The settings also carry symbolic resonances. Wildfell Hall is old and filled with dust, but as Helen rips a curtain from the window, she laughs, “At least the light is good”. Although it is a decrepit place compared to the grand setting of Grassdale Manor (shown in the second episode), Wildfell Hall is filled with natural light, while Grassdale Manor, from which she fled her abusive marriage, is mostly shown dimly lit with candles. Whilst the light in itself conveys happiness and escape from the darkness of her marriage, it also has a material purpose in giving Helen a space in which she can paint, allowing her financial independence. We see her walking and painting in the moors, which Carmen Pérez Ríu describes as the “characteristically Brontëan space for women’s self-disclosure and freedom” (56).
The adaptation’s use of flashbacks and the perspectives of both Gilbert and Helen creates a compelling drama whilst maintaining Anne’s realist style. Anne shares the use of gothic mansions and the wild moors as settings with her sisters, but there are no ghostly apparitions like in Wuthering Heights or voices calling mystically from afar as in Jane Eyre. Anne says, “the truth always conveys its own moral to those who are able to receive it” (29). In this way, the realism of the novel is designed to faithfully show the abuse and hardship faced by Victorian women, and appeal for their freedom.
Questions for Discussion:
In the novel, Helen’s story is related through her diary entries written at the time, whereas in the television adaptation, she is writing from memory years later. How does this change the way her story is presented? Take a look at the scenes where she discovers Arthur’s affair (Episode 2, 00:42:32-00:48:30), and compare them to the same events in Chapter 33 of the novel.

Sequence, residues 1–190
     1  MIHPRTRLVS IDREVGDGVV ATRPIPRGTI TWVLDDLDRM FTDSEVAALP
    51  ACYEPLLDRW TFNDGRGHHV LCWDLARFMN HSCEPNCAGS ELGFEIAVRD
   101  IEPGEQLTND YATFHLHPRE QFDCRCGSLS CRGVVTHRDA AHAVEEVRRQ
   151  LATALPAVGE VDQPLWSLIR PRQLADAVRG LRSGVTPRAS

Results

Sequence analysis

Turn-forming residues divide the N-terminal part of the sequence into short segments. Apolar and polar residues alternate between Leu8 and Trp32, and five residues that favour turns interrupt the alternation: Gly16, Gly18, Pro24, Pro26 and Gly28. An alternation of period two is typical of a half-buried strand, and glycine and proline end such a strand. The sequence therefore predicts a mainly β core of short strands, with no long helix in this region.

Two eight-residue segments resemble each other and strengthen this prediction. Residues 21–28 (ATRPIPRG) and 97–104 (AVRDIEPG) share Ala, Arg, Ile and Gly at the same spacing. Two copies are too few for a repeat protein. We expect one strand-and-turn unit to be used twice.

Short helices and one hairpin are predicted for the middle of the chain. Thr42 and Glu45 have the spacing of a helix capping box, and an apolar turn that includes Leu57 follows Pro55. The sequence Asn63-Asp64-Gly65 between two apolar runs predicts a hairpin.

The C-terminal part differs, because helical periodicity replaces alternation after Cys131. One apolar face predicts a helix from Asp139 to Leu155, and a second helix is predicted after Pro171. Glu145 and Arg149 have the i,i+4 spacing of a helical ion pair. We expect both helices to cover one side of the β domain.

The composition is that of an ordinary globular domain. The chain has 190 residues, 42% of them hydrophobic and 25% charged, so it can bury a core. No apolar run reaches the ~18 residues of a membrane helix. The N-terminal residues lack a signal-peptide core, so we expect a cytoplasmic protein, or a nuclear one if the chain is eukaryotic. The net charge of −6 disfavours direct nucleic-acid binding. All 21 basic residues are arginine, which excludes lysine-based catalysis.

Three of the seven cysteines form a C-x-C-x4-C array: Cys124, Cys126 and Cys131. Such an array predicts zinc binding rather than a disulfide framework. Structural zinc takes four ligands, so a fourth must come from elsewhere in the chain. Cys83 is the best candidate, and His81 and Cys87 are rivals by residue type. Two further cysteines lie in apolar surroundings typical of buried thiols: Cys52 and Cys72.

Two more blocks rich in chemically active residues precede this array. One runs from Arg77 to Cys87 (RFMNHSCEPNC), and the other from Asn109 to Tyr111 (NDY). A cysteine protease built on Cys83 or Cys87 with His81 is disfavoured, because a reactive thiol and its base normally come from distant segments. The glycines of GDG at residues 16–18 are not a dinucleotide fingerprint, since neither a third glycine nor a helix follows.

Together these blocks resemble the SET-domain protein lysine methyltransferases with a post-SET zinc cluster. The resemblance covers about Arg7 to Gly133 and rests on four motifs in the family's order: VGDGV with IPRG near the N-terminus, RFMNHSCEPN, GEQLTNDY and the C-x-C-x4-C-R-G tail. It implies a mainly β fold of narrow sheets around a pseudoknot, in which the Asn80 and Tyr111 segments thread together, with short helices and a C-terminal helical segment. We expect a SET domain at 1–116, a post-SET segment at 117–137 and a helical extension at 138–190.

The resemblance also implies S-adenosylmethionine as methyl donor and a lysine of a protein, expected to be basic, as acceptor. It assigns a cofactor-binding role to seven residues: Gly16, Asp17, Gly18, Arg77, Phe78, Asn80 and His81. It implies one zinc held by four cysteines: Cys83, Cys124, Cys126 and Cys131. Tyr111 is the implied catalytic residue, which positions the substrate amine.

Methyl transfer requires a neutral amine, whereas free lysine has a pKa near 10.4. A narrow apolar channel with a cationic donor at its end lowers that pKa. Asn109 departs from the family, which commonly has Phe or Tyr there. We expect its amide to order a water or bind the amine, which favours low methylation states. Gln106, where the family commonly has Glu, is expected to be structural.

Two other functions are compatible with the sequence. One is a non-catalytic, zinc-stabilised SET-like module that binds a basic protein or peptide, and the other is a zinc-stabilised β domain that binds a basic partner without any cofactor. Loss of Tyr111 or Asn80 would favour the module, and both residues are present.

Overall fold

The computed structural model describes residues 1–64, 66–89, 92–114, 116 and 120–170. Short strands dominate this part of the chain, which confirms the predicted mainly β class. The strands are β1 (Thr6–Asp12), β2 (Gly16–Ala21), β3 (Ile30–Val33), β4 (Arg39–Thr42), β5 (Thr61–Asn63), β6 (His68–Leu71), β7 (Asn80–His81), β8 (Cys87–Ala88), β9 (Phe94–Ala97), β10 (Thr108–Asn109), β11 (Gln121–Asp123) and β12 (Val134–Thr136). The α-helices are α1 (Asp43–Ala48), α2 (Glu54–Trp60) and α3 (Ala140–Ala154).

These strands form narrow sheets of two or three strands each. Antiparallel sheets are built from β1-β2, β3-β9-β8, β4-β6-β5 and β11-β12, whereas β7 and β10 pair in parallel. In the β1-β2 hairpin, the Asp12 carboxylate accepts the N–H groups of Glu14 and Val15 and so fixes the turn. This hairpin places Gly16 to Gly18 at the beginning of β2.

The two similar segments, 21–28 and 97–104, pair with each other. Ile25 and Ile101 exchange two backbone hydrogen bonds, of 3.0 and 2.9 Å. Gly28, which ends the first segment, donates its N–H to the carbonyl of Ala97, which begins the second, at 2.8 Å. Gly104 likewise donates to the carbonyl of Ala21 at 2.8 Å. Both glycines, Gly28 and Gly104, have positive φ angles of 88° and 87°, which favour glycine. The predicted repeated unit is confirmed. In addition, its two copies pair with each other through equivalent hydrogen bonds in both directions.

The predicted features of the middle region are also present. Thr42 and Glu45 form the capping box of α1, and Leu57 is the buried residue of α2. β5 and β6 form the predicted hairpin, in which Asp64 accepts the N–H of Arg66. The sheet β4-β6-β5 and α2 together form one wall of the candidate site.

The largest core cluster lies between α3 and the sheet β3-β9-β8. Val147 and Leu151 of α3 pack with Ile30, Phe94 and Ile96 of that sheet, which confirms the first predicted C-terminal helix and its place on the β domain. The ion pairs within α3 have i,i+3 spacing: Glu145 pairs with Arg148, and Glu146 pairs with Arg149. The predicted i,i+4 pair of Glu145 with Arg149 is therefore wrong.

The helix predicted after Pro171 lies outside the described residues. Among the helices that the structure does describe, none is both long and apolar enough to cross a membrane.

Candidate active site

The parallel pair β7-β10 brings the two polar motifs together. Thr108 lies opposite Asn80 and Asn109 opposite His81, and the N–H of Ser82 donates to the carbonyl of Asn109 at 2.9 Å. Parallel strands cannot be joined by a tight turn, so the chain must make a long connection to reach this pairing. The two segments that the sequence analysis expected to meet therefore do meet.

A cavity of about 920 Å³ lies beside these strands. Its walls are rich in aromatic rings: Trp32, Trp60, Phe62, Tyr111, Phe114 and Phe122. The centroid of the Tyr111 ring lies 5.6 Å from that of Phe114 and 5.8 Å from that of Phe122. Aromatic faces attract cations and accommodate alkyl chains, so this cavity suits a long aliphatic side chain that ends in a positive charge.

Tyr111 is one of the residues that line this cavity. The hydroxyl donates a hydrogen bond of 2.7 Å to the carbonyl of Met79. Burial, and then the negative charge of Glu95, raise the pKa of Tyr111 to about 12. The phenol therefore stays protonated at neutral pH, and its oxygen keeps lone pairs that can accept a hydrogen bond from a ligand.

In 1848 writing about sex was strictly taboo, whereas sex scenes were commonplace on TV and in novels by the 1990s. The physical relationship between Arthur and Helen is made explicit in this adaptation, including both romantic scenes such as Arthur kissing Helen’s baby bump, and scenes of attempted rape. Is this imposing a contemporary perspective on a Victorian text, or more accurately portraying what Victorian life was like for women?
Some of the humour from the novel, such as Gilbert’s relationship with his brother Fergus (see Chapter 13), has been left out of the adaptation. What is the effect of the humour in the novel? Why might the writers have decided not to include it in the adaptation?
Helen says it is “better far that he [her son Arthur] should live in poverty and obscurity with a fugitive mother, than in luxury and affluence with such a father” (357). What do Helen’s disastrous first marriage to a wealthy man with a country seat, and her presumably happy second one to a yeoman farmer, indicate about class status? How might Victorian ideas of class inform contemporary discussions?